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May 26th, 2020

usd 480 covid 19 teachingA USD 480 teacher works with a group of students on a past lesson. With Gov. Kelly’s order earlier this month to close all K-12 school buildings for the remainder of the 2019-2020 school year, teachers throughout the district are working to make sure their students have access to educational materials to finish out the school year. L&T file photo/Elly GrimmELLY GRIMM • Leader & Times

 

Kansas Gov. Laura Kelly announced earlier in March the closure of all K-12 school buildings for the rest of the 2019-2020 school year. Since that announcement, school districts across the state have been working to make sure curriculum is put online and students still have access to educational materials, including Liberal’s USD 480. 

School districts are already in compliance with the executive order issued by the governor this morning so there will be no changes to the district’s continuous learning plans and meal deliveries. After Gov. Kelly’s announcement, the initial reaction with many USD 480 teachers was shock and surprise. 

“When the governor's announcement came that all K-12 schools were to be closed my initial  thought was that of surprise,” Eisenhower Middle School teacher Matt Dewinde said. “My family is from New York, so I was hearing all the things that were happening on the East Coast and back where I was from. I had kept up with the virus here in Kansas, but it was mostly affecting the east side of the state. So I was kind of shocked by the news at first and then after a little time realized it was the best decision that could be made given what has been happening.”

“To be completely honest I was shocked initially,” Eisenhower Middle School teacher Cody Hickox added. “I thought about all the kids I wasn’t going to get to see at 8th grade promotion, all the goodbyes I wasn’t going to get to have and all of the other memories I was going to miss out on.”

“When the announcement came, I let myself be sad for about an hour because of everything I knew students would be missing for the remainder of the year,” Liberal High School teacher Lisa Owens said. “Then I sent out a reassuring email to tell students they were not alone and their teachers were working hard to provide them with some semblance of normalcy.”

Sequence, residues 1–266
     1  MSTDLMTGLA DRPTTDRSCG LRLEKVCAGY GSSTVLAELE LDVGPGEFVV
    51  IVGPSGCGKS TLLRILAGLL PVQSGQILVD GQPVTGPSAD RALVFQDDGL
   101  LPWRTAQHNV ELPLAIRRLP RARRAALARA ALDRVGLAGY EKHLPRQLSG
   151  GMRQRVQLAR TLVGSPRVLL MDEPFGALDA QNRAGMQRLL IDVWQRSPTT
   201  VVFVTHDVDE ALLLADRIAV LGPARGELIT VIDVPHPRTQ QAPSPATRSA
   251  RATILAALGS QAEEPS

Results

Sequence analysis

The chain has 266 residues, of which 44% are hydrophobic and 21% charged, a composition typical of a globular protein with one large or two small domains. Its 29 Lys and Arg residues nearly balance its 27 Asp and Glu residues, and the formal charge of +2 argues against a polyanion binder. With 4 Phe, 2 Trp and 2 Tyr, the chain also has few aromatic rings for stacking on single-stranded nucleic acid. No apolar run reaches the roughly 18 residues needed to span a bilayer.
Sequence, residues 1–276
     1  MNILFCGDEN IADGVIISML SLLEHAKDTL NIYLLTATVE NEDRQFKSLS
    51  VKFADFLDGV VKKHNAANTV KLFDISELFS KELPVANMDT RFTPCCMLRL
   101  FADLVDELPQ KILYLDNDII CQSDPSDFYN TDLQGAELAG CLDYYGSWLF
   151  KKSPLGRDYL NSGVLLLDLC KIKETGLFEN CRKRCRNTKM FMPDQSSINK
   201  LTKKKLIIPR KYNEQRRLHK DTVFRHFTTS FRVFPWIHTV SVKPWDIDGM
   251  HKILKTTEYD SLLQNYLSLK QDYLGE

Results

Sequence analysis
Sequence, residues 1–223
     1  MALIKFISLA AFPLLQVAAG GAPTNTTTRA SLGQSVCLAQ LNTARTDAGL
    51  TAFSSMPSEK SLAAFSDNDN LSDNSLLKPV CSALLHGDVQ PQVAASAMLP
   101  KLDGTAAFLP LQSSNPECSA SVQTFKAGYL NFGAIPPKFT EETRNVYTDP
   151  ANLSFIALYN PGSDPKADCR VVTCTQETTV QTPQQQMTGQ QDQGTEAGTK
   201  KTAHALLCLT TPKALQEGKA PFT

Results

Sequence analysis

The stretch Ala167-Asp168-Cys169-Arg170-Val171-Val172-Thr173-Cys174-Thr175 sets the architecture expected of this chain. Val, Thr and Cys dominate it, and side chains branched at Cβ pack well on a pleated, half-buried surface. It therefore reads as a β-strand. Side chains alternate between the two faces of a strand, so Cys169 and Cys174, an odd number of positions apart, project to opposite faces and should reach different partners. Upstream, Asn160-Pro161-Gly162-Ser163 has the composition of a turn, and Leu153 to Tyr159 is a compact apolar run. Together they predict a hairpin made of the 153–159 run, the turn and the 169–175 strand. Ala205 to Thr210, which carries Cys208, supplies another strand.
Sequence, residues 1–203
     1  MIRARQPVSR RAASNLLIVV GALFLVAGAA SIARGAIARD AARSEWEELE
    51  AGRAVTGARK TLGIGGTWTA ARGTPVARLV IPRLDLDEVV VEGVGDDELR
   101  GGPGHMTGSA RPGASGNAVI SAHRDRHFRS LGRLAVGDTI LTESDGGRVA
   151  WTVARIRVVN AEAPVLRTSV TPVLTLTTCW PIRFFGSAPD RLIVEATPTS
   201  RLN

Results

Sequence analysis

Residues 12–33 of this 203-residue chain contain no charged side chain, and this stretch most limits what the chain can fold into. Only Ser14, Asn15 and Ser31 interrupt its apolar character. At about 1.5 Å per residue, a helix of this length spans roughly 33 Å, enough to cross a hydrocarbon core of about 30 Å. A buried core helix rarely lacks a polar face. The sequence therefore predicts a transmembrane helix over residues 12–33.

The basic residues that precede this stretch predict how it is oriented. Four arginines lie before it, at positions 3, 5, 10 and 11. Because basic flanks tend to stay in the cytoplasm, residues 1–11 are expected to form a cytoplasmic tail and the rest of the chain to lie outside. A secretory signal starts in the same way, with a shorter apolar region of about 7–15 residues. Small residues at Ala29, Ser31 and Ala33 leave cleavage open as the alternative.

After a brief time, the work began in order to prepare the USD 480 students for their new normal for the remainder of the school year. 

“I knew students would need online access to any assignment I was going to prepare and some sort of checklist to keep them all organized,” Owens said. “The majority of what I assign my students is linked online anyway because of the large numbers of students in my classes involved in extracurricular activities. However, I knew they would need some sort of face-to-face check-in because of the high levels of anxiety this virus is causing many of them. I regularly send remind messages checking in with them. I have sent several personal email messages so they know their teachers are still thinking and worrying about them. I have also had Zoom meetings so they can see a friendly face to ease their fears.”

“The first thing I thought of was how much I hate taking videos of myself. I was trying to come up with creative ways in my head to present the information I wanted to get across I was researching into Skype and Zoom and other means of communication that would allow me to still have contact with the students to answer questions they have and still be a champion for them in these unprecedented times,” Hickox added. 

“Immediately  after the news I thought about how I had already been shifting to being digital with my assignments using Google Classroom that we thanks to the students having their own Chromebooks provided by the school,” Dewinde said. “I contacted my partner teacher, Daniel Minde, and we have for the past week been discussing new online resources and tools that students can use to continue learning. Luckily our administrators at Eisenhower Middle School have put together an amazing plan to help students complete their school year. Together we are ensuring that each day students receive at least 30 minutes of instruction from their four core teachers and 20 minutes of instruction from their elective teachers. We are also using Google Classroom to place our assignments for them to complete along with packet deliveries if students cannot access the Internet.”

And though the digital format is not entirely how teachers planned to finish out the school year, the teachers said there are some benefits to the format. 

“The biggest benefit is we stop the spread of the disease,” Hickox said. “The worst thing I think that could happen is we don’t take it seriously and all of the sudden something happens to someone I care an awful lot about that would be heart wrenching. It also allows the students to continue with their education.”

“I like the screencast lessons I have been posting. It gives me a chance to pause during my lesson and make sure I have covered all essential information,” Owens said. “It prevents outside distractions. It also allows for students to get a whole lesson in one chunk instead of broken up due to overlaps or lack of time.”

“Some of the benefits to this type of instruction is that it definitely helps prepare them to navigate this world, one of Eisenhower's values,” Dewinde said. “Currently, I am in a master's program and we are all online-based learning and that is something I've had to adjust to as well. This type of instruction allows for the learner to go at their own pace rather than being constrained to a bell ringing schedule.”

Even with those benefits, however, the teachers agreed they will miss the daily personal interaction.